Al Dente Enoteca review

Owner-chefs Andrea Vignali, left, and Davide Bonadiman.
Owner-chefs Andrea Vignali, left, and Davide Bonadiman. Photo: Eddie Jim

161 Nicholson St Carlton, VIC 3053

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Opening hours Lunch Thu-Tue; dinner Mon-Sat
Features Food shop
Prices Moderate (mains $20-$40)
Payments eftpos, Visa, Mastercard
Phone 0483 800 861

It has been just over a year since the pandemic threw most people's lives into the air like confetti. Last April, former Grossi Florentino chef Andrea Vignali was in a common pickle: his visa tied him to a closed business that could not afford to keep on all its staff for whom they received no JobKeeper allowance.

So he started cooking at home, then moved to a commercial kitchen, where his pasta sauces, lobster ravioli, and soft-centred chocolate puddings managed not only to save his bacon, but became so popular he was able to pull multiple other visa holders into a spaghetti safety net.

Cue 2021 and he, along with friend and business partner Davide Bonadiman and front-of-house manager Michelle Badek, are now enjoying another emotional rollercoaster – operating their own Carlton restaurant and provedore, Al Dente Enoteca.

Spanner crab ravioli.
Spanner crab ravioli. Photo: Eddie Jim

We're all craving a good story, and this double-fronted space on Nicholson Street fits the bill. It has been stylishly renovated in two parts – a crimson-walled shop where you can buy frozen fresh pastas, sauces and premium Italian condiments, and a sleek dining room with brushed concrete and cream plaster finishes softened by tables dressed in crisp, ironed linens.

There is a short but luxurious menu that sticks to the essentials. Focaccia arrives hot from the oven, all fluff and crunchy exterior with a notch of chunky green olive butter rather than as a twist on offering straight oil.

Oysters come tethered so you get the full brine from unmooring them yourself, and dressed with a mignonette made with premium six-year-aged San Giacomo vinegar – a product they're selling in their shop market and whose well-developed profile sells itself.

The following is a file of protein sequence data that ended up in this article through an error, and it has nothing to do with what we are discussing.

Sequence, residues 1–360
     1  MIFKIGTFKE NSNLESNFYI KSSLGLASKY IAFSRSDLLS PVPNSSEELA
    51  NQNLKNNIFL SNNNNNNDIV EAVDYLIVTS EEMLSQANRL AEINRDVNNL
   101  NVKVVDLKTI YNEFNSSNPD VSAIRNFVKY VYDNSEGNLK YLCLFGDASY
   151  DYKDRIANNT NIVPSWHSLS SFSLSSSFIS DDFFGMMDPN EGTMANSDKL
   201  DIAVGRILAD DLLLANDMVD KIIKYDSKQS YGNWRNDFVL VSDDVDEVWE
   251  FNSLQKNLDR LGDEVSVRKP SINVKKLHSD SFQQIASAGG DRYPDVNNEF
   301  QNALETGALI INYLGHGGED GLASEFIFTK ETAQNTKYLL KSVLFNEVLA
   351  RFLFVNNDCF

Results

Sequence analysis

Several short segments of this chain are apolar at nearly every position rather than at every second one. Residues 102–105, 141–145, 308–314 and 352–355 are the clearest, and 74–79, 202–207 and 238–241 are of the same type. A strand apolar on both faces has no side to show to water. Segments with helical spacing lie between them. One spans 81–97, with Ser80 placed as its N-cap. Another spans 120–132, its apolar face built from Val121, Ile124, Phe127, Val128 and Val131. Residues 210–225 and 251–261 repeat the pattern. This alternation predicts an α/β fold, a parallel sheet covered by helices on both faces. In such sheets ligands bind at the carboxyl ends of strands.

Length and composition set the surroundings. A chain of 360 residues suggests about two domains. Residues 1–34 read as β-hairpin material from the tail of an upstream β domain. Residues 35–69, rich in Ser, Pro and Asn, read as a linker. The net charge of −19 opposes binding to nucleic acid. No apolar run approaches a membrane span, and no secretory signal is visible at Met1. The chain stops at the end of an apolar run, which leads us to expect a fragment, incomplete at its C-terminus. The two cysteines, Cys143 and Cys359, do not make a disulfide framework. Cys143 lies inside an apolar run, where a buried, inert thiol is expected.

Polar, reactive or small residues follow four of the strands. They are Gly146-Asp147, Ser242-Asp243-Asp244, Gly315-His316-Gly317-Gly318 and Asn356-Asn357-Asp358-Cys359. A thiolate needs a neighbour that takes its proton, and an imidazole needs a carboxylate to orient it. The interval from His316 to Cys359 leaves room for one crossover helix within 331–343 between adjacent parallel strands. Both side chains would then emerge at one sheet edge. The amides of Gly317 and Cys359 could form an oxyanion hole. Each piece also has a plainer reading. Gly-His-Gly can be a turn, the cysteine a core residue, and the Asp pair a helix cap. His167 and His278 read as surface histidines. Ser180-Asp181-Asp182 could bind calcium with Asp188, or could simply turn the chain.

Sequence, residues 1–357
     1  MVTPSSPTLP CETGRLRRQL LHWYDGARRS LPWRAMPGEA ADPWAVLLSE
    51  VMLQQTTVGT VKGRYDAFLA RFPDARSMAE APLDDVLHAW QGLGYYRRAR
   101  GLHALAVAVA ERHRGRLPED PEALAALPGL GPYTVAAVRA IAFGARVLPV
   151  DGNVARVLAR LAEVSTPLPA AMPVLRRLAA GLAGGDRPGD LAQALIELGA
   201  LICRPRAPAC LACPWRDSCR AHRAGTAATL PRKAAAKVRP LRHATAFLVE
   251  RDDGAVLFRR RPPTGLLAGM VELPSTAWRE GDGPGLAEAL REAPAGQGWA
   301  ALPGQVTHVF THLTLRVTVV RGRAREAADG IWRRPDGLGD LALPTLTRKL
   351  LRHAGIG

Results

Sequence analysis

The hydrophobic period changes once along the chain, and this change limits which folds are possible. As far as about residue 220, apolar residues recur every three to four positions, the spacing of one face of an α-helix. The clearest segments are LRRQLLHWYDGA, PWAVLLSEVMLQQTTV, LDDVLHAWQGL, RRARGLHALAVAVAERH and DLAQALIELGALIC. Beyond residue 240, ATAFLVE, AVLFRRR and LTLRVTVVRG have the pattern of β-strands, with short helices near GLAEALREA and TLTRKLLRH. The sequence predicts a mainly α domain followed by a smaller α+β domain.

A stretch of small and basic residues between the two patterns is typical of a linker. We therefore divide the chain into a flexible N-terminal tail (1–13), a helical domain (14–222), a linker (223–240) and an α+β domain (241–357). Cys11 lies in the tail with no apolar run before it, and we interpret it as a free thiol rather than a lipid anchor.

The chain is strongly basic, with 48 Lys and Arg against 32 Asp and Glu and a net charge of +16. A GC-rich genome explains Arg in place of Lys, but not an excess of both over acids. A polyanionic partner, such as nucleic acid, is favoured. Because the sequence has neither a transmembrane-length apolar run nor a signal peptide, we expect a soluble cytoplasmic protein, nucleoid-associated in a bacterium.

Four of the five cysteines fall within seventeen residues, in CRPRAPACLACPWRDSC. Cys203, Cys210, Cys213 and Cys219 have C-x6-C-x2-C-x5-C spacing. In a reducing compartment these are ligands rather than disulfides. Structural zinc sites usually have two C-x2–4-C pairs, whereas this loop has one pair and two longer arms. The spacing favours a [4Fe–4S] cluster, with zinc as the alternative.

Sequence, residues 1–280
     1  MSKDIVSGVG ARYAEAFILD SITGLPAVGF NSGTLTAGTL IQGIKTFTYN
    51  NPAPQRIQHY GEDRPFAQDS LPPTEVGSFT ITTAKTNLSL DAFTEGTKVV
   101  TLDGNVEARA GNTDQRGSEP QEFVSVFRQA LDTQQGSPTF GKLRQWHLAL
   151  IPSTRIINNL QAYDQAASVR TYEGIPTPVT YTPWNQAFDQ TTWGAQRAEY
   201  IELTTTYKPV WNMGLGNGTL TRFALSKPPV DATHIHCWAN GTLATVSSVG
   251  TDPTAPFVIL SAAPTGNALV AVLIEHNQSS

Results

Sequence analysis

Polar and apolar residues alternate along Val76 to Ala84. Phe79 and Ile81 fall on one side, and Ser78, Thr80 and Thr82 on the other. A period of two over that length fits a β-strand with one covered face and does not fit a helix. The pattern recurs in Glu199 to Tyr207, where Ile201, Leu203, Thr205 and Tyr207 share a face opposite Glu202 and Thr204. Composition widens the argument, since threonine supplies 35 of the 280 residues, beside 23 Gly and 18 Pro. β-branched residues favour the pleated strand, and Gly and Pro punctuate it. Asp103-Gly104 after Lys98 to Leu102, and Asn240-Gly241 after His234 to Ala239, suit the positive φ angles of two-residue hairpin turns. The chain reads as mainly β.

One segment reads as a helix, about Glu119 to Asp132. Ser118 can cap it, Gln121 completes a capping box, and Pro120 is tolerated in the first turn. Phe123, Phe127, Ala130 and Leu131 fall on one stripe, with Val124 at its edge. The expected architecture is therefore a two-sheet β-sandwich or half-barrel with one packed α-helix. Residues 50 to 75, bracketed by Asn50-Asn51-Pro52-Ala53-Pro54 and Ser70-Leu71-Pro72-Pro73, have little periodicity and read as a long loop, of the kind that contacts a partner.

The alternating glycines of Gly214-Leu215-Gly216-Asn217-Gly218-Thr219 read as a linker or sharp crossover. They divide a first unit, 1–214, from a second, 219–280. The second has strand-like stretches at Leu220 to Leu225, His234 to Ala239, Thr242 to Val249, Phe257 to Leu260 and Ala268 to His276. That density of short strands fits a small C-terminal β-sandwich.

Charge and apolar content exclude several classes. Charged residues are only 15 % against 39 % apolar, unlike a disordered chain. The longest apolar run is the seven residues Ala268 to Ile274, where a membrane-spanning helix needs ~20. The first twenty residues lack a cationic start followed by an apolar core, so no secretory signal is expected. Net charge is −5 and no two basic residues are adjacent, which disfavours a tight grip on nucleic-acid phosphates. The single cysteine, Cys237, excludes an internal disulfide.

Cacio e pepe tortellini.
Cacio e pepe tortellini. Photo: Jason South

The same could be said for the sweet, sticky Modena balsamic vinegar offered at table to lift your otherwise classic union of a cream-filled burrata and a meaty slice of late-season tomato.

No one is stopping you from ordering all four pastas, but the luxurious nature of all of them should. Vignali favours large-scale filled pastas. For the cacio e pepe tortellini that means four fat bishops' hats the size of a plump fig filled with a cheesy lava and doused on top with a buttery, peppery and just slightly acidic wash of butter and cheese.

The pasta del giorno on our visit features three mighty raviolino filled with a sweet mixture of lobster meat and ricotta and washed in a bisque sauce that perfectly extracts the essence of crustacean, has a sweet edge from a base of apples and oranges and steers well clear of prawn-head pong.

Beef cheek with potato cream.
Beef cheek with potato cream. Photo: Eddie Jim

Al Dente is currently only operating by day. Frustratingly for the team, they have been stymied by another reality - a return of the red tape that was temporarily loosened last year to help businesses any way possible. Al Dente is still waiting for a liquor licence, a major part of their business plan, which will allow them to serve (and sell retail) Victorian wines, sourced straight from the makers and a few star Italian imports they have waiting in the wings. Until then, this is a dry house – but a clever one.

Badek is versed at selling the softer stuff, with a background in the coffee world (ONA, St Ali). Currently you can drink the booze-free top shelf: an aperitivo made with Seedlip, a preferred gin replacement. They are also serving two of the NON wine range, which was developed by a former Noma chef who desired craving-sating wine alternatives for those who don't want to get lashed with lunch. And lately, that's more people than you think. There's plenty to keep you occupied here besides plonk.

Perhaps the upside is that you're unencumbered by booze when the festival of richness continues with a main course that is classic to its core – a sticky, slow-braised piece of beef cheek washed in a sticky red wine jus and served with one perfectly poached Dutch carrot and a swipe of creamed potato. As a side or vegetarian main is a thick slab of butternut pumpkin infused with a little heat from a chilli-oil glaze, dessed with sweet dabs of Rooftop Honey and onion puree.

Costata al limone.
Costata al limone. Photo: Eddie Jim

Dessert? Those soft-centred chocolate puddings will call out to those who used them like an emotional life raft in lockdown, but there is also a lemon tart (crostata al limone) with its sharp, silky centre offset by pure cream, though note that its thick buttery base makes it better for hand-held crunching rather than awkward fork dissection.

I can't wait to see the finished picture. I hope this becomes the success story we crave.

The lowdown

A pandemic side hustle is now an all singing pasta haven and enoteca.

Pro Tip: Stop by the shop to buy provisions, or order online via Cookaborough.

Go-to Dish: Pasta of the day, whatever it is.

https://www.aldenteenoteca.com/